DAYTONA BEACH, Fla. – It’s only logical that NASCAR Sprint Cup driver Trevor Bayne be compared to NFL quarterback Tim Tebow and the NBA’s newest sensation, Jeremy Lin.
Bayne sprang from anonymity to the pinnacle of NASCAR when he stunned everyone with his victory in the 2011 Daytona 500.
Lin was an undrafted free agent before he signed on with the New York Knicks. His dazzling play and scoring ability have made him the toast of the Big Apple.
Tebow was far from an unknown. He was a Heisman Trophy winner at the University of Florida. But it was widely suggested the he did not have he mechanics of a professional quarterback and wouldn’t make it in the NFL.
Hardly. Instead, Tebow’s heroics – he led the Denver Broncos to several last-minute victories and into the playoffs – made him a media darling and a nationally recognized figure.
But it wasn’t his play alone that propelled Tebow into the spotlight. He wears his faith on his sleeve. After every touchdown he knelt in quick, silent prayer, a public demonstration of his Christian beliefs.
The practice was quickly dubbed “Tebowing.” It became a controversial subject. While many admired Tebow’s commitment to his faith, others declared the practice unacceptable; that it was a form of unwanted preaching.
Personal religious beliefs, they said, should be just that – personal.
Lin isn’t nearly as demonstrative about his faith. But he admits he’s a Tebow fan.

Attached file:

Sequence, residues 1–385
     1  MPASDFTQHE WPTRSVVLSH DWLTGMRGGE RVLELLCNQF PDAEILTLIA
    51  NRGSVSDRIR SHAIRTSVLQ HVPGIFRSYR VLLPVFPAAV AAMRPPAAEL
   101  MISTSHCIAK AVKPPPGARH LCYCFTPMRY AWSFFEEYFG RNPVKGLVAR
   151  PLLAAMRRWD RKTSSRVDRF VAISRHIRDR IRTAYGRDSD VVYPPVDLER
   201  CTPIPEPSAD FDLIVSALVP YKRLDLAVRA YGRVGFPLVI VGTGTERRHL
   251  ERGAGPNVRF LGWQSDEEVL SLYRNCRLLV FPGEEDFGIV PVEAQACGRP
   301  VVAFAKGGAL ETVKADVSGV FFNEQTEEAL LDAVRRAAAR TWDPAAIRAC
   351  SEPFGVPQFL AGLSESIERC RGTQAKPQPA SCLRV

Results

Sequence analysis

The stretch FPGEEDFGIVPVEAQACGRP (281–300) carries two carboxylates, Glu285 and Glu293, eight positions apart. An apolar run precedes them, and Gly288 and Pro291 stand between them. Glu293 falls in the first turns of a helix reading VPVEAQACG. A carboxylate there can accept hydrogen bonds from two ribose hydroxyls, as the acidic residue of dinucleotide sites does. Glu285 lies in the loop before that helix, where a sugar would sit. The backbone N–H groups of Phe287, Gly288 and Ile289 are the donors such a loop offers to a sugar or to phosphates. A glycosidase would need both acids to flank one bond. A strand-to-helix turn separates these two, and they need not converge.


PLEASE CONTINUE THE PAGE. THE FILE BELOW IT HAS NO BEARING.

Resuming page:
Bayne is, too. And while Tebow may be criticized, Bayne contends he and the NFL star have more supporters that detractors.
“It is cool to be Christian,” Bayne said. “I think it’s cool Tim and I have support now. We both want to be good role models and we want to live out our faith and be who we say we are.
“We don’t say we’re perfect and that’s what’s cool about it is that being a Christian you say that you’re messed up and you need a savior.
“So I’m excited that I have support with Tim and the way the nation is kind of wrapped around him, and the same thing for me.
“The support has been unbelievable, but it definitely makes it easier on us to live our faith when people like you guys and when the fans and people like that are supportive of it. That makes it a lot easier on us.”
Fans have been supportive of Bayne ever since he won last year’s Daytona 500. People find the combination of his youth, talent, personality, innocence and, yes, good looks, irresistible.
Lin’s achievements have, at the least, sparked significantly greater attention to the NBA. Tebow did the same for the NFL.
And Bayne can also do it for NASCAR. He’s exactly the type of driver, and person, the sanctioning body needs.
It would certainly help if Bayne became a regular on the Sprint Cup circuit. But, even with all his positive attributes, that hasn’t happened.
Like last year, Bayne is on a part-time schedule with the Wood Brothers – the venerated team with which he won the 500.
He’s still under contract to Roush Fenway Racing, with which the Woods have a working alliance, and is thus “”loaned out” for Cup events.